This book explores civil-military relations in Asia. With chapters on individual countries in the region, it provides a comprehensive account of the range of contemporary Asian practices under conditions of abridged democracy, soft authoritarianism or complete totalitarianism.
China’s vision for international order is a matter of great global interest. This book analyses China’s vision for foreign policy and how it is seeking to achieve its goals with its immediate neighbours.
Drawing on a comparative study with individuals who migrated to Singapore and Tokyo in 2010s, this book demonstrates how migration to Asian business centres has become an alternative to a middle-class life in Europe and how the perceived insecurities of life in the crisis-ridden EU result in these migrants’ prolonged stay in Asia.
Drawing on insights from differentiation theory, this book examines the participation of middle powers in multilateralism. Taking Australia, Indonesia and South Korea as examples, it sets out a valuable new framework to explain and understand the behaviour of middle powers in multilateralism.
This book unpacks the political economy of China’s COVID-19 vaccine supplies to the Global South. Examining the political and economic forces at play, the book demonstrates how China’s vaccine provisions have been determined by a complex set of commercial interests, domestic politics, and geopolitical relationships.
Chris Ogden argues that, as the world capitulates to China’s preferred authoritarian order, other world powers are moving to this as a dominant global phenomenon, which will transform global institutions, human rights and political systems.
In this book, a team of international contributors examine the often-overlooked complex governance of the South Asia to Gulf migration corridor. The conclusions drawn enable readers to better understand migration in this region, while also providing a model for analyzing global migration governance in practice in different parts of the world.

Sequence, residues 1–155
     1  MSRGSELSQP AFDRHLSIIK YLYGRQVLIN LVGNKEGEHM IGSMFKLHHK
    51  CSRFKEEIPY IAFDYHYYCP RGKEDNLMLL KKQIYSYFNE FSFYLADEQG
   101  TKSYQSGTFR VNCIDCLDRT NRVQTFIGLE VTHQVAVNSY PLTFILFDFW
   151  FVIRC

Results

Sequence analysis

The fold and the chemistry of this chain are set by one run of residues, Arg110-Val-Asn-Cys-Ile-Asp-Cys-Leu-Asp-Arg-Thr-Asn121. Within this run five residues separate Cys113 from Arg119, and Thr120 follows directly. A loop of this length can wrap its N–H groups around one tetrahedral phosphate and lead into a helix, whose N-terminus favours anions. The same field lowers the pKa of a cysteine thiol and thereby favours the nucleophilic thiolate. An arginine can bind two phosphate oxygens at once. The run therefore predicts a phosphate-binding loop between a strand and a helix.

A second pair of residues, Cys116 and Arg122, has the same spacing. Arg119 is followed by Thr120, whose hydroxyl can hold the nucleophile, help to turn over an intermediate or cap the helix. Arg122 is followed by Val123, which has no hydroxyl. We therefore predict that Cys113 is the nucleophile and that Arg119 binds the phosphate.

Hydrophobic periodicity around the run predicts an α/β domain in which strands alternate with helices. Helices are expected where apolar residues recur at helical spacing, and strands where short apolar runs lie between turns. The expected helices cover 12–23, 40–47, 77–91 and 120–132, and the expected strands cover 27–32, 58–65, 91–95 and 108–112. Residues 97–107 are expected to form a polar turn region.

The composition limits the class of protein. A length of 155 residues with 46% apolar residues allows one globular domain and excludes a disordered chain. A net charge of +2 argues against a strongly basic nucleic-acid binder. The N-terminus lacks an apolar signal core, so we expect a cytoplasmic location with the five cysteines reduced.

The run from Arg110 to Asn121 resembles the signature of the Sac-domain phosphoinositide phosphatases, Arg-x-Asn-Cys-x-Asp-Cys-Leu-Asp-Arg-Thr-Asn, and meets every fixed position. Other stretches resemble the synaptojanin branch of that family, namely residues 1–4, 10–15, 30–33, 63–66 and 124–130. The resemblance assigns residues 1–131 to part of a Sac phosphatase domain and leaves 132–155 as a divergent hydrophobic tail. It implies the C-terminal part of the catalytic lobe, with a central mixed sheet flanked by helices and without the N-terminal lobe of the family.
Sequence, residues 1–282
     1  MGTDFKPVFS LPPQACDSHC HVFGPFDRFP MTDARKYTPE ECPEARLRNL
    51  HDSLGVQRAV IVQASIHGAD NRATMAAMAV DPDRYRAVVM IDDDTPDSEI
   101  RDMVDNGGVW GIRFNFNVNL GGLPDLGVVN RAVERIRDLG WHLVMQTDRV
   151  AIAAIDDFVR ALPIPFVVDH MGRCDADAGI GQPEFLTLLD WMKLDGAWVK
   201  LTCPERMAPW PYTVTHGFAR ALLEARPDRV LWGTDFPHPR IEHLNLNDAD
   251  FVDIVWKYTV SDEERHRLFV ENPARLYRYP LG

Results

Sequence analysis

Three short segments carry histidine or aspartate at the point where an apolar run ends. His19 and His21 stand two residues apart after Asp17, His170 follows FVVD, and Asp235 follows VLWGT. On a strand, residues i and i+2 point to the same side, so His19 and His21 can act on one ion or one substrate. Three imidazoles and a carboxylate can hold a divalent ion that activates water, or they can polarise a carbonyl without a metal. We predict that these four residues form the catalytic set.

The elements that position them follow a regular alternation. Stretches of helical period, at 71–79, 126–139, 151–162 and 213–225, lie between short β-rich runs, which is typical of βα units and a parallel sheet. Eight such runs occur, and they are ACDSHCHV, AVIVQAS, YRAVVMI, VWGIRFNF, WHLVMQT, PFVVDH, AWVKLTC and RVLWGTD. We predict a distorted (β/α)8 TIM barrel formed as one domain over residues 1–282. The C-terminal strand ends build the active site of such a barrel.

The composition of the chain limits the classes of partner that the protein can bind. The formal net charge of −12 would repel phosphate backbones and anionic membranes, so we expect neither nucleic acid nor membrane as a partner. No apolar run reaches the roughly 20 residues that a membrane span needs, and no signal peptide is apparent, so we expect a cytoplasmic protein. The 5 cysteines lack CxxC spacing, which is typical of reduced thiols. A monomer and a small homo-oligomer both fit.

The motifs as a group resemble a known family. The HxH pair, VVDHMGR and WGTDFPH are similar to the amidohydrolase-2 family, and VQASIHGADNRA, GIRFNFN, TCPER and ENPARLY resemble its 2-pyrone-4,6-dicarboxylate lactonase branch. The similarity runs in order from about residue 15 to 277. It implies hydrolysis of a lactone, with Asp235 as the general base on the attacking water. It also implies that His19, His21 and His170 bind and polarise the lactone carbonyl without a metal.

Drawing on decolonial perspectives on peace, statehood and development, this illuminating book examines post-liberal statebuilding in Central Asia. Through its analysis, the book highlights the problem with assumptions about liberal democracy, modern statehood and capitalist development as the standard template for post-conflict countries.
Bringing together leading scholars from Asia and the West, this book investigates how the dynamics of China’s rise in world politics contributes to theory-building in International Relations (IR). In doing so, the volume builds a strong case for a genuinely global and post-Western IR.
In this enlightening analysis, Julia Gurol unpicks the complex security relations between the European Union (EU) and China. Systematic and accessible, this is an essential guide to the past, present and future of one of the world’s most important, yet most complicated, security relationships.
This book examines the extensive network of security professionals and the wide range of practices that have spread in Azerbaijan’s energy sector. It unpacks the interactions of state, supra‐state, and private security organisations and argues that energy security has enabled and normalised a coercive way of exercising power.
Through a comparative perspective, and using evidence from the relations of the Legislative Yuan in Taiwan with the US Congress and the European Parliament, this book assesses both the potentials and the constraints of parliamentary diplomacy for Taiwan.